Another consumer complained about a mailer from Aberdeen Honda offering two potential prizes – a Honda Civic and Freshwater Pearl necklace. The mailer stated that he had already won. However, the consumer later learned that his winning number had to match another number posted at the dealership. Lobdell points out that the practice runs afoul of the state’s Promotional Advertising of Prizes Act, which requires that all material terms of a promotion be prominently included in the mailer.
Wednesday’s agreement comes in the form of a consent decree between the Attorney General’s Office and Whitney Auto Group. Under the agreement filed in Grays Harbor Superior Court, the dealerships run by the auto group agreed, among other requirements, to:
· Disclose known facts about a vehicle’s condition, including information about the mechanical or frame condition of the vehicle or the vehicle’s warranty.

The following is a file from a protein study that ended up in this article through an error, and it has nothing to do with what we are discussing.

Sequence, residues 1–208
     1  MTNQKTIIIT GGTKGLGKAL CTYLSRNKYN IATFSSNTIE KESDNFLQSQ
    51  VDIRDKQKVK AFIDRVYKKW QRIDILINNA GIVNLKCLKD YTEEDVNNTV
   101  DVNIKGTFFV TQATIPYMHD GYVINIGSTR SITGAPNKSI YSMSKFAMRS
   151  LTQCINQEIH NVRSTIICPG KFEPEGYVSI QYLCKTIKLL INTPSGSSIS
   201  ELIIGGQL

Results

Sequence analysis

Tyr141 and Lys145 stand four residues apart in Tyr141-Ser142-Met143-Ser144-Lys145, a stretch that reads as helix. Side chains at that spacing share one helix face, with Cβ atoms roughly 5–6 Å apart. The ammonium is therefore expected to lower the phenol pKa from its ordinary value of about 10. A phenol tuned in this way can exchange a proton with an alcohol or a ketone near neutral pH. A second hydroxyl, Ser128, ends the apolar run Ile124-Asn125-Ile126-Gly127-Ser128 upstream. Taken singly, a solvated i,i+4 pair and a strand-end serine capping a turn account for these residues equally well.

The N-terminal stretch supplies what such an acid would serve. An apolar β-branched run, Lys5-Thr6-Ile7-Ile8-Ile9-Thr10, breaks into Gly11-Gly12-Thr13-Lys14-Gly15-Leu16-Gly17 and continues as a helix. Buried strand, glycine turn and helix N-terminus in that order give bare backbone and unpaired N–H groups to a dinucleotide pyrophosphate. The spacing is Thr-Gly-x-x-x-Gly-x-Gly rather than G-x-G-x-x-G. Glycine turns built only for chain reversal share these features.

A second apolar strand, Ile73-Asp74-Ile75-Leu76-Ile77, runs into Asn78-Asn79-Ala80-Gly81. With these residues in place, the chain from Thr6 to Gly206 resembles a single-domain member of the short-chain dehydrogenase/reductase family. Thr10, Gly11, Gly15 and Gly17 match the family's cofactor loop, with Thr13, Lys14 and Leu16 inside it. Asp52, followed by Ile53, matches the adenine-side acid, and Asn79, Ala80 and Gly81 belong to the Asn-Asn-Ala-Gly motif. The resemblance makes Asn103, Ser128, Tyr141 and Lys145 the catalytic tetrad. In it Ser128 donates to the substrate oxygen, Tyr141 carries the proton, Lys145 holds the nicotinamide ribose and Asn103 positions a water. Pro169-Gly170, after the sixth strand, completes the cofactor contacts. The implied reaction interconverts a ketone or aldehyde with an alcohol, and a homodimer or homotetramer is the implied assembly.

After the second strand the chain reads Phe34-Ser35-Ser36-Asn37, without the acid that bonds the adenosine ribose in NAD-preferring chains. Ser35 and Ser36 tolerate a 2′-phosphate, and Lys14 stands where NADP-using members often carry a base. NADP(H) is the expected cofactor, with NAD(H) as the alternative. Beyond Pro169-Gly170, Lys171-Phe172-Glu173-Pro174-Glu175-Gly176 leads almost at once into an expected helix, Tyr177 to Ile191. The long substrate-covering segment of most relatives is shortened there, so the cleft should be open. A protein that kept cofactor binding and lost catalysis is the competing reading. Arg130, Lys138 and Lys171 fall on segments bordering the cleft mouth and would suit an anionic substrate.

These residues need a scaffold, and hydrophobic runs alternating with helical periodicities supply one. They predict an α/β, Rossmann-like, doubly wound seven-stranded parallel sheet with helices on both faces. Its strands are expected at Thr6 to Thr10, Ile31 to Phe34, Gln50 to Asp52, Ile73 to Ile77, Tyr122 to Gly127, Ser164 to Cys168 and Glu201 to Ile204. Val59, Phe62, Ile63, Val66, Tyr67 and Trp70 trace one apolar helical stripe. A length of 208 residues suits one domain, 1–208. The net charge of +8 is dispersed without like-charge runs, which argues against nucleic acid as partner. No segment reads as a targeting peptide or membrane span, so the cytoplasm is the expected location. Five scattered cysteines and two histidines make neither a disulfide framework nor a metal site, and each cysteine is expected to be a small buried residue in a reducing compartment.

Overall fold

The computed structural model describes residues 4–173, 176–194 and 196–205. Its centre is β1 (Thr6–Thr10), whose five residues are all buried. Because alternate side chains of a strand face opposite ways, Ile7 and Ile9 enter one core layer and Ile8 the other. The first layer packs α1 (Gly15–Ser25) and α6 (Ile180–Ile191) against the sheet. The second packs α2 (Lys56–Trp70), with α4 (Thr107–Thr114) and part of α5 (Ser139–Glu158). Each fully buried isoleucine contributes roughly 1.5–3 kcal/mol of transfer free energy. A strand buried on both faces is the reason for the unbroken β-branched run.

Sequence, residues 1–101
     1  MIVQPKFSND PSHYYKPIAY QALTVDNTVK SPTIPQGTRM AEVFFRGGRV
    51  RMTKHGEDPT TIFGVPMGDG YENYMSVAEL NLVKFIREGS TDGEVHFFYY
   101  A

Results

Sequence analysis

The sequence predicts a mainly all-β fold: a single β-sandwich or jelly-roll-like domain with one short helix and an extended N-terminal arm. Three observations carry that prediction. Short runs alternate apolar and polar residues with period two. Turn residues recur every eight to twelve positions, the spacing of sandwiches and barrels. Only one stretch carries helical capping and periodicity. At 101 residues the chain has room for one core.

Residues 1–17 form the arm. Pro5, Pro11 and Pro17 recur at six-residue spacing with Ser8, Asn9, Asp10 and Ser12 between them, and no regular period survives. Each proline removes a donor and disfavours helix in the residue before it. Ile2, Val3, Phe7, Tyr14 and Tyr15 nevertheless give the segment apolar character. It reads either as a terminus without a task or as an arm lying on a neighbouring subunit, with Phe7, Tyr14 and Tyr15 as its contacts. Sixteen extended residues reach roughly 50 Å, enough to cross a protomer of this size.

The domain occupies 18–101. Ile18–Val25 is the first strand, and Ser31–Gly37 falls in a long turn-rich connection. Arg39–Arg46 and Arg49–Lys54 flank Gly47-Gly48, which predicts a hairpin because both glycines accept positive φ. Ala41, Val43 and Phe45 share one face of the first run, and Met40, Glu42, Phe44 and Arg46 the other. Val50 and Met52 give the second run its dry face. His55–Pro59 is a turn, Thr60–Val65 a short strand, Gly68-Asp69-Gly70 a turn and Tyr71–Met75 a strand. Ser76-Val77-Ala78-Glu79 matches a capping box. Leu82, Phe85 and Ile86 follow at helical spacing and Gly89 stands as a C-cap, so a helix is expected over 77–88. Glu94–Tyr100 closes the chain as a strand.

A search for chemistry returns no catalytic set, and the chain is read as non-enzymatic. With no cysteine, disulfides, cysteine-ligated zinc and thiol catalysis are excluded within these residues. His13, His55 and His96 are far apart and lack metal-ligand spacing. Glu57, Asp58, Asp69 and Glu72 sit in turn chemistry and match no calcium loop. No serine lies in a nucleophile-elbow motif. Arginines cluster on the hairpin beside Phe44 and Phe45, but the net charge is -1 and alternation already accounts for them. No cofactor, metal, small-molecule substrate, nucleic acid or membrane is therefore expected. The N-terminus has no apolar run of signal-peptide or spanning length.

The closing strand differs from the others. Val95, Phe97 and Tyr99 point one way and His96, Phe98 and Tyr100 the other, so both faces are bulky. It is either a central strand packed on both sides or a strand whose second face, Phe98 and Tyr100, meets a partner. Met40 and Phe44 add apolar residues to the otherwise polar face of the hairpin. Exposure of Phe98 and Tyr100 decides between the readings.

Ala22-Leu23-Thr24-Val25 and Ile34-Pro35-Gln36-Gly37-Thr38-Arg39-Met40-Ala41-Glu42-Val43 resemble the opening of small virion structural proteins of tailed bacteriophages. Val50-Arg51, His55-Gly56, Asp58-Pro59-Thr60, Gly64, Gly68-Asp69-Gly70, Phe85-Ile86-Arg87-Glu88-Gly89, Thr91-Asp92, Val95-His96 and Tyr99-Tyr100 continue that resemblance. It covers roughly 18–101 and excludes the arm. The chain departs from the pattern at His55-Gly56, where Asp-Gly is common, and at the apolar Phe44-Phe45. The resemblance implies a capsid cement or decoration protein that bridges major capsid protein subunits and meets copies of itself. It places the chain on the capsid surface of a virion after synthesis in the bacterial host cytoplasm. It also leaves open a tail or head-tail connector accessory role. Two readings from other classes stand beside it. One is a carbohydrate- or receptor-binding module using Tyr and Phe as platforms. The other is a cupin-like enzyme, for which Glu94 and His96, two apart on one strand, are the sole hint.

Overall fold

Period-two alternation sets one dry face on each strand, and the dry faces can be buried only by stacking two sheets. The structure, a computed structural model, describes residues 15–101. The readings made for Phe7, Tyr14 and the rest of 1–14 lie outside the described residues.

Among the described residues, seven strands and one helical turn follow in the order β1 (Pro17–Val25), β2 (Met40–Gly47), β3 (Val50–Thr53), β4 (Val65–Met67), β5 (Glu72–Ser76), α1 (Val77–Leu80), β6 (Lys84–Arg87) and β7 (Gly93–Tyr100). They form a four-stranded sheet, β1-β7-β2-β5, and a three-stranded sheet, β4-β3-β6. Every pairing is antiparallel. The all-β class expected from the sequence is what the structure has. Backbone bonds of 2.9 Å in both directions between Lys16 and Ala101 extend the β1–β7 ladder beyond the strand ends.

· Comply with the Promotional Advertising of Prizes Act by, for example, failing to disclose material restrictions in the immediate proximity and same page where the prize is listed.
· Stop deceptive advertising practices, including making statements that imply false savings to consumers, including offering a percentage off the manufacturer’s suggested retail price for used vehicles.
· Not make any false, deceptive, or misleading statement to a lender for the purpose of obtaining a loan for a vehicle buyer.
· Sell vehicles at the advertised price.
· Disclose the price of the vehicle upon request. A reporter from KOMO Television recently revealed that this practice occurred at a sale co-sponsored by Whitney Auto Group. The consent decree requires that, when they sell vehicles at an off-site location such as a tent sale, Whitney display prices for used vehicles on the inside or outside of the vehicle.